“Skill and Luck in Private Equity Performance” by Morten Sorensen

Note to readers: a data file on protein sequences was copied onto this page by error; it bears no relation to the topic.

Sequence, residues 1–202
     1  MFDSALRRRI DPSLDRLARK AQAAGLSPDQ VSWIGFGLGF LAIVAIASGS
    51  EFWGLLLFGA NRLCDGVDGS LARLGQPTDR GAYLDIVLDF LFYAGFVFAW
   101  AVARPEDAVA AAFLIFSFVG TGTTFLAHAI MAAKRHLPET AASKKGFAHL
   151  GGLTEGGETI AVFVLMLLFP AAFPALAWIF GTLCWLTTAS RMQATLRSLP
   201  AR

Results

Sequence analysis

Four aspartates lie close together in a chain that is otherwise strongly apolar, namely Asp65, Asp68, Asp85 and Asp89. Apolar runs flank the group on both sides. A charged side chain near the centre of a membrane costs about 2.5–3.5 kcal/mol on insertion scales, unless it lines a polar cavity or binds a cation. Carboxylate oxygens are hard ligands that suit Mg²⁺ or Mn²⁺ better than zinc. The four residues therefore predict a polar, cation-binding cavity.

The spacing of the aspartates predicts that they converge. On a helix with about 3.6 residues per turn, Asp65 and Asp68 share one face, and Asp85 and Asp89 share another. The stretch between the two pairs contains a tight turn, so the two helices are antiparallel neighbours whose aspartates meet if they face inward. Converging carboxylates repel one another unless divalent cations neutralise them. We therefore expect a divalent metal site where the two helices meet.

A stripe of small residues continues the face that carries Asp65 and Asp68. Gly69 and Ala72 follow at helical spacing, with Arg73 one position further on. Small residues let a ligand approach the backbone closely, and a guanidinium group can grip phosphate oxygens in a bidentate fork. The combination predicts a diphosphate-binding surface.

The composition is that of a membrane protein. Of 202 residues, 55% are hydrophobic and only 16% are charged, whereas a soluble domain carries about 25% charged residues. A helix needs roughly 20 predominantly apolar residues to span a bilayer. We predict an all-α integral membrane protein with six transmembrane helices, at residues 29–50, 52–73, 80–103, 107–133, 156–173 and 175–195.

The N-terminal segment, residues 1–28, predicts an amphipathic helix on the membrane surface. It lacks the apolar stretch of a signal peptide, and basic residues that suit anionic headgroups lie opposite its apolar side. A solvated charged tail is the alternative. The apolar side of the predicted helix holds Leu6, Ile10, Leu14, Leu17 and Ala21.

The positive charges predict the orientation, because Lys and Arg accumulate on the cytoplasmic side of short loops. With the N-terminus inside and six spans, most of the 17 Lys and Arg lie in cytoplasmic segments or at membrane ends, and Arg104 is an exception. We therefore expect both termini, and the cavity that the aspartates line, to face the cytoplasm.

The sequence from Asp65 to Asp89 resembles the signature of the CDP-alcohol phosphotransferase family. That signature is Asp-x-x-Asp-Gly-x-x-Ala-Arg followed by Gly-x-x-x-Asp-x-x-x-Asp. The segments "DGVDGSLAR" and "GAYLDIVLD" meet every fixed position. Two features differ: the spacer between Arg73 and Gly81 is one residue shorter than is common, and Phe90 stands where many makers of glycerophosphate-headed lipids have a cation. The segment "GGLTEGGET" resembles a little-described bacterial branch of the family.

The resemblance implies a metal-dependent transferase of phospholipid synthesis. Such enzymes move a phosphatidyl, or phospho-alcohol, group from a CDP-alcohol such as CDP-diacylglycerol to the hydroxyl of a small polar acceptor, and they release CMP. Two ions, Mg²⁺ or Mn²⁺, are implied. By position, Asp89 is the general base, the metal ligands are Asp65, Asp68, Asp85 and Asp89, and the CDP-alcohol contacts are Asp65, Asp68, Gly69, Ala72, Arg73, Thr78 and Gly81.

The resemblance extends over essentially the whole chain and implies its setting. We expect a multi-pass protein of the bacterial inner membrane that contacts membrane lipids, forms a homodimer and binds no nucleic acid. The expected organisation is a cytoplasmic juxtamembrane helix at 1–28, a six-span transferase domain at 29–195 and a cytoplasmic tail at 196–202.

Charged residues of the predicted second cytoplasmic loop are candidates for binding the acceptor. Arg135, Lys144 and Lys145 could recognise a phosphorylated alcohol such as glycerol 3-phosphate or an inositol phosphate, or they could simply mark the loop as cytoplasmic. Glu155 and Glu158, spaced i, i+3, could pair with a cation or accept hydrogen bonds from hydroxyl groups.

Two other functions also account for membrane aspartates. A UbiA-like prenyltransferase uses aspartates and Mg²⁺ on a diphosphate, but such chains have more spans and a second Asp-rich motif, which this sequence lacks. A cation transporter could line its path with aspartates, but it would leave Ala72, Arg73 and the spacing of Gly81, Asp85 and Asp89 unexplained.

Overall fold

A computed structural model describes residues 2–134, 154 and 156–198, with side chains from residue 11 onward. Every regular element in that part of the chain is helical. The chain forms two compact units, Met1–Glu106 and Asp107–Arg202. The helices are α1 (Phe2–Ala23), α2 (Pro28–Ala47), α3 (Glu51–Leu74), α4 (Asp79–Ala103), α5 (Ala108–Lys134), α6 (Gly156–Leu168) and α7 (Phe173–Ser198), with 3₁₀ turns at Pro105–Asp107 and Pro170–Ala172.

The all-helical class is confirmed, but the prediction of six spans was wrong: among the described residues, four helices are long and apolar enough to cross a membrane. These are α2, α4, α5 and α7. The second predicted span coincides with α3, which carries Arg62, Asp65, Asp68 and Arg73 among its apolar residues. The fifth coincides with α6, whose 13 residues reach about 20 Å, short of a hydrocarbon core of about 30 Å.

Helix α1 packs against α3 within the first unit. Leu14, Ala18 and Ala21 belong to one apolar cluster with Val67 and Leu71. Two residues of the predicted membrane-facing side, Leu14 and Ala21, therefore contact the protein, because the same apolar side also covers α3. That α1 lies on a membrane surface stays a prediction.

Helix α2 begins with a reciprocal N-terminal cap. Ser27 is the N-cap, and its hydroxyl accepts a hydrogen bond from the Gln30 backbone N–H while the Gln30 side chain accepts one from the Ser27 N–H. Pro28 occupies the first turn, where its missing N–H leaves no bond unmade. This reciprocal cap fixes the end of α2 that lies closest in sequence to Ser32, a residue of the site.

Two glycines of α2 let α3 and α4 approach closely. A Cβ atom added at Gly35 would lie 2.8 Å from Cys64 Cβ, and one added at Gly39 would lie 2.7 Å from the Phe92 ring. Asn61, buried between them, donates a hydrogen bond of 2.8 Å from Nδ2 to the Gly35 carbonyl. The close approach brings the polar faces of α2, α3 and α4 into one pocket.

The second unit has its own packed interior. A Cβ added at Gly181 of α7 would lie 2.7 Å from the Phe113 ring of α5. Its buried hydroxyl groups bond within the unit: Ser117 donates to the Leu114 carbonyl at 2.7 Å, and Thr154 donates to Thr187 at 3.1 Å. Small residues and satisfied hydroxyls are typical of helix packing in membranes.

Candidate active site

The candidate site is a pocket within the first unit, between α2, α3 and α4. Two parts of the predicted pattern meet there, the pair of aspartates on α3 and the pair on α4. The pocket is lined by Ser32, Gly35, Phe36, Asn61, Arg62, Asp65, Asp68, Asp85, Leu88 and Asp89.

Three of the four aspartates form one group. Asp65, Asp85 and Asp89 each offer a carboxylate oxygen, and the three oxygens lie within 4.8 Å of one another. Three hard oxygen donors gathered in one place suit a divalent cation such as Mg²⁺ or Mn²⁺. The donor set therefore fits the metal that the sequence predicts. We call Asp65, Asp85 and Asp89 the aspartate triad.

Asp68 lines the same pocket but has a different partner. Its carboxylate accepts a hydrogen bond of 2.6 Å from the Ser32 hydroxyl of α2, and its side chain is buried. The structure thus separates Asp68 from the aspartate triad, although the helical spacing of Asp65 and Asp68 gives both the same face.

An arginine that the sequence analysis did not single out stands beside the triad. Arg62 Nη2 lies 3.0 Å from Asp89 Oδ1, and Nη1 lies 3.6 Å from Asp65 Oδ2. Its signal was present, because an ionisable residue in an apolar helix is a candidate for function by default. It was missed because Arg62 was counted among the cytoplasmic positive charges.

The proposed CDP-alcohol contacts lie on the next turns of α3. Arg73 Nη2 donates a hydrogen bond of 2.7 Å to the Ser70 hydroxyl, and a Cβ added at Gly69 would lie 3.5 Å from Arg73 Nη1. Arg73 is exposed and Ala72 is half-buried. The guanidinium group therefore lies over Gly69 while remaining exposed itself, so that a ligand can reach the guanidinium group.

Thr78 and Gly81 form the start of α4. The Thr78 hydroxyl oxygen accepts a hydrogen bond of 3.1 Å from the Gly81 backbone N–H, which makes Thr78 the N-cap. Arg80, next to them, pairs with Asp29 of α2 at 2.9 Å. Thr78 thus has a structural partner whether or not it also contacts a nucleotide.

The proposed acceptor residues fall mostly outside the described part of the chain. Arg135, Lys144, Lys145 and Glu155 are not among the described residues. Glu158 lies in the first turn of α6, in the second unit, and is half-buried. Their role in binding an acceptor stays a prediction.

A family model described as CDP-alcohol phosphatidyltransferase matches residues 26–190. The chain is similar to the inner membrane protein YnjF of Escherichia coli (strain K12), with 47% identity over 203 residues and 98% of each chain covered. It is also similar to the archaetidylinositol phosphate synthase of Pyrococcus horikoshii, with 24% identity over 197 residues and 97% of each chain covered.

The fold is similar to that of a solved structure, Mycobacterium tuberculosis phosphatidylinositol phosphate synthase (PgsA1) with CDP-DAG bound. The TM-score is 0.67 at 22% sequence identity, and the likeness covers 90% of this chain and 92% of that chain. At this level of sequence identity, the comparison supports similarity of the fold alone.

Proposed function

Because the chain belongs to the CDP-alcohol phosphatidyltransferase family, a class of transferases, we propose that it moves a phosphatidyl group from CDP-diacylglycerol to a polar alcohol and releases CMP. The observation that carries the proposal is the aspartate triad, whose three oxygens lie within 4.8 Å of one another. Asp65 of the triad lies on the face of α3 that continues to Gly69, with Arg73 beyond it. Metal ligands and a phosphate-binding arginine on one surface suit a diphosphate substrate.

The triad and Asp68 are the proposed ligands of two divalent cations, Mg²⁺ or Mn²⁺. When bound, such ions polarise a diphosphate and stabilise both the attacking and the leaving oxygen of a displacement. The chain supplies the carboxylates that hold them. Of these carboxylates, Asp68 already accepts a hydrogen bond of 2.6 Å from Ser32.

We evaluate the performance of private equity funds using a variance decomposition model to separate skill from luck. We find a large amount of long-term persistence: skilled PE firms outperform by 7% to 8% annually, on average. However, performance is noisy, with a large amount of luck, so top-quartile performance does not necessarily imply top-quartile skills. This makes it difficult for investors (limited partners) to identify skilled firms. Buyout firms show the largest skill differences, implying the greatest long-term persistence. Venture capital performance is the most noisy, making skilled venture firms hardest to identify, and implying the least investable persistence.